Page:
Goal is to Limit Dependence on Imports
BEIJING—China plans to create a conglomerate of iron-ore mining giants that would in 10 years produce at least half of its domestic ore, in a bid to end its steelmaking industry’s dependence on imports of the material.
The government intends to form a large mining group to be led by Ansteel Mining Co., a state-backed company that is the country’s largest ore producer. The new group would comprise six to eight mining businesses.
“This marks a strategy for our country to break our reliance on imported ore, and to support the transformation of our steel industry for international competitiveness,” the Metallurgical Mines Association of China said in a statement on Thursday. The association is working with the Ministry of Industry and Information Technology to push the project, which wouldn’t be completed until around 2025.
China makes half of the world’s steel, but depends on global mining giants for most of the iron ore it needs. Imports account for around 70% of the ore used in China’s steel production, the association said.
China produces about 1.5 billion tons of ore a year—more than any other country. But its domestic industry is highly fragmented, and its ore is regarded as low-quality compared to that from major producers such as Australia and Brazil, while twice as costly to produce, analysts say.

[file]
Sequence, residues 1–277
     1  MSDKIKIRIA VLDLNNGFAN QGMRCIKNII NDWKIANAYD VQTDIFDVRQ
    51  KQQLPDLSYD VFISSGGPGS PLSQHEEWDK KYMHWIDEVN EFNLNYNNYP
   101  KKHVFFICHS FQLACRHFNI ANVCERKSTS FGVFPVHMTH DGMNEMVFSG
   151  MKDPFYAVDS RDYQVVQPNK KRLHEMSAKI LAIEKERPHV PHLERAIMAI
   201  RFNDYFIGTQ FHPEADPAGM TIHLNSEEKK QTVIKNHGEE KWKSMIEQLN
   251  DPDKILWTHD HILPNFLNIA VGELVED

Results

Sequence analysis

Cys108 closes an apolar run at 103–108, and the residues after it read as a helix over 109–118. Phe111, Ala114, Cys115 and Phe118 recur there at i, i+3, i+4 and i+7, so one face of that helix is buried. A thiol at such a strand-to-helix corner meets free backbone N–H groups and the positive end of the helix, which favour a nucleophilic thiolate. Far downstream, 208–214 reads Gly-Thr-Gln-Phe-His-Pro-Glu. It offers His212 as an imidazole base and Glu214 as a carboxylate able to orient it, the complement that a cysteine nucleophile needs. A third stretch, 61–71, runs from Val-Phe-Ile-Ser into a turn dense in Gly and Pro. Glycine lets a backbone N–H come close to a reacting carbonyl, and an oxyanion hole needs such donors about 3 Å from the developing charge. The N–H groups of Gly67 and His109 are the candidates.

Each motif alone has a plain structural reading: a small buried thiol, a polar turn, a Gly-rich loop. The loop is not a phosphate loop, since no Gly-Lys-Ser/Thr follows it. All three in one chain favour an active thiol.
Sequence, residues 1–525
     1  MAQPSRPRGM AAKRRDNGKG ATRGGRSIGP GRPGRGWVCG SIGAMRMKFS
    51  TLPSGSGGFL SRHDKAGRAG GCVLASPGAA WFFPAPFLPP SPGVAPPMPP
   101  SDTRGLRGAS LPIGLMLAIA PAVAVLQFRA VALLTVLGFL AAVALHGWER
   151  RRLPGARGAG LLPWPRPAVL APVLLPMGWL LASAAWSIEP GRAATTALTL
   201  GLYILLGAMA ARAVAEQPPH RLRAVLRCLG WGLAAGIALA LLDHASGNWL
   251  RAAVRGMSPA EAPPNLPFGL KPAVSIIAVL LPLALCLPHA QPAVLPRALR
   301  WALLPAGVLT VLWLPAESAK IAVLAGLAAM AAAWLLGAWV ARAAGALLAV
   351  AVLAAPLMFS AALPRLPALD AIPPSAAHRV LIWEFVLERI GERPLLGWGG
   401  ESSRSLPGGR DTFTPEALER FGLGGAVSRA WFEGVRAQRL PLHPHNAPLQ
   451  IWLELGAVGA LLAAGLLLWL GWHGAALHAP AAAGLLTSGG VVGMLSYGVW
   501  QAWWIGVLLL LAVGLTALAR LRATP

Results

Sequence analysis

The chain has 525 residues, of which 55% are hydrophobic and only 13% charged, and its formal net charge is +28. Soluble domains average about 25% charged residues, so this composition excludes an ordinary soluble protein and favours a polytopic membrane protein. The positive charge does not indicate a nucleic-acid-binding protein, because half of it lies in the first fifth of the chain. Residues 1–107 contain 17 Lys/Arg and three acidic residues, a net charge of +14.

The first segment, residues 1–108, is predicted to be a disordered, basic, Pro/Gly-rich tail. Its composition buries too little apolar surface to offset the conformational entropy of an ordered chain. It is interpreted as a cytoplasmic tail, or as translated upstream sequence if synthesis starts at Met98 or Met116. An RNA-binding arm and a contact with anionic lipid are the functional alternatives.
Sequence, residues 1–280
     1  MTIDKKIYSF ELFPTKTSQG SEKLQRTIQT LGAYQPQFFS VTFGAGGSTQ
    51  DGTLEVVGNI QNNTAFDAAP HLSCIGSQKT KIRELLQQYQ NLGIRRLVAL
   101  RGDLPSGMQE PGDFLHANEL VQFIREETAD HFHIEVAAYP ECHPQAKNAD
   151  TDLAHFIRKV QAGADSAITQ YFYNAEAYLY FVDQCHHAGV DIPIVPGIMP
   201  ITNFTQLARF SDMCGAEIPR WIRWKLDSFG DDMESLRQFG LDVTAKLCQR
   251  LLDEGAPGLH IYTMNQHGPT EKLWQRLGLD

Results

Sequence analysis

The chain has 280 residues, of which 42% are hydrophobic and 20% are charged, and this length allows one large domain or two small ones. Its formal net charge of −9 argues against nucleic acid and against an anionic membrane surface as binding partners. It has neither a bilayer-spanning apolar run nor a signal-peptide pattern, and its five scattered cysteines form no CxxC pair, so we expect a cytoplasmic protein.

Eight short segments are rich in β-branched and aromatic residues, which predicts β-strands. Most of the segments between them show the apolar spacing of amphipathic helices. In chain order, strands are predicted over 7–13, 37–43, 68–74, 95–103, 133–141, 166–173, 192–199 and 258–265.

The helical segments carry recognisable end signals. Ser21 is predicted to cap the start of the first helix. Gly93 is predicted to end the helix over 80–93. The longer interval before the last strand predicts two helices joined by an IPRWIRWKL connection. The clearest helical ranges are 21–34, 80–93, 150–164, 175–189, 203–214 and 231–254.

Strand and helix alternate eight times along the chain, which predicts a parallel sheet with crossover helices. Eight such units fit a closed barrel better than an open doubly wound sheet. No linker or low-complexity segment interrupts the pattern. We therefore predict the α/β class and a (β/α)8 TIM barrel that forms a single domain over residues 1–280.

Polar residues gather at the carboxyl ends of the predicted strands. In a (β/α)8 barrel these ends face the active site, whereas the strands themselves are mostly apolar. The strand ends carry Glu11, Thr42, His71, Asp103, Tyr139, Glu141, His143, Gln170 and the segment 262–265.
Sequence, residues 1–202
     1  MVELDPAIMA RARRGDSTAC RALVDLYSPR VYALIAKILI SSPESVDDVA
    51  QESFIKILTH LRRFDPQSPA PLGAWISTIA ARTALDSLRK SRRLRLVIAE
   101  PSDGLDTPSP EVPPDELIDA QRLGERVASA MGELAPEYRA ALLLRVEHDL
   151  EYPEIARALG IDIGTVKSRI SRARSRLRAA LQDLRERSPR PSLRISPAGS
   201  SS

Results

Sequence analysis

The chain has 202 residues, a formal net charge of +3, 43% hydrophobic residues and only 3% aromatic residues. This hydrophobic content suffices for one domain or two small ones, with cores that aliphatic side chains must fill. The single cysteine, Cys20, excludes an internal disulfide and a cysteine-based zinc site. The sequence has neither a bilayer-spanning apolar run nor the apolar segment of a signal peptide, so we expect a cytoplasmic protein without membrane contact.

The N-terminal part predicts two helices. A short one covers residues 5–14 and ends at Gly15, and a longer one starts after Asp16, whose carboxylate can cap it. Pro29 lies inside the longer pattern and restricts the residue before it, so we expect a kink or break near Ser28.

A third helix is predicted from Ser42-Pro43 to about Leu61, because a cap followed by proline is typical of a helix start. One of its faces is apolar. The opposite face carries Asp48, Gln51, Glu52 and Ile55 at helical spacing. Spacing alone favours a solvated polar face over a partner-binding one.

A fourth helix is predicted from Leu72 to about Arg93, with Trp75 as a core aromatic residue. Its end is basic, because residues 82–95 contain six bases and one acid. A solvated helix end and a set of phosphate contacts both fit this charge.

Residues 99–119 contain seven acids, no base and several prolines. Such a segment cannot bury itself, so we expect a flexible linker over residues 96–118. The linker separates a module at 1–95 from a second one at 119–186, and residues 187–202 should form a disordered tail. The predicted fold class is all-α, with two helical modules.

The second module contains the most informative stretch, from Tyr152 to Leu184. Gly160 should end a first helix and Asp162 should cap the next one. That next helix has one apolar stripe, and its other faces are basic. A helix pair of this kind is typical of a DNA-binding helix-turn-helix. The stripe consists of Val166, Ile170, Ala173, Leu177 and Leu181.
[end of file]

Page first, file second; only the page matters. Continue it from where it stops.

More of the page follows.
The government regularly complains about what it describes as the foreign suppliers’ “monopolistic” pricing power. In 2010 Beijing played a key role in ending a 40-year-old term-pricing system that was created by these suppliers and that China said was unfairly stacked against buyers. Under that system, three global mining companies—Rio Tinto PLC, BHP Billiton Ltd. and Vale S.A.—met once or twice a year with Chinese state and industry representatives to set prices for most of the world’s traded ore.
The shift to more transparent spot prices, however, hasn’t yielded significant discounts. Even amid an ongoing economic slump, ore prices are still 9% higher this week than they were in March 2010, when the term-pricing system came to an end, and have been as much as 73% higher, according to data provider The Steel Index.
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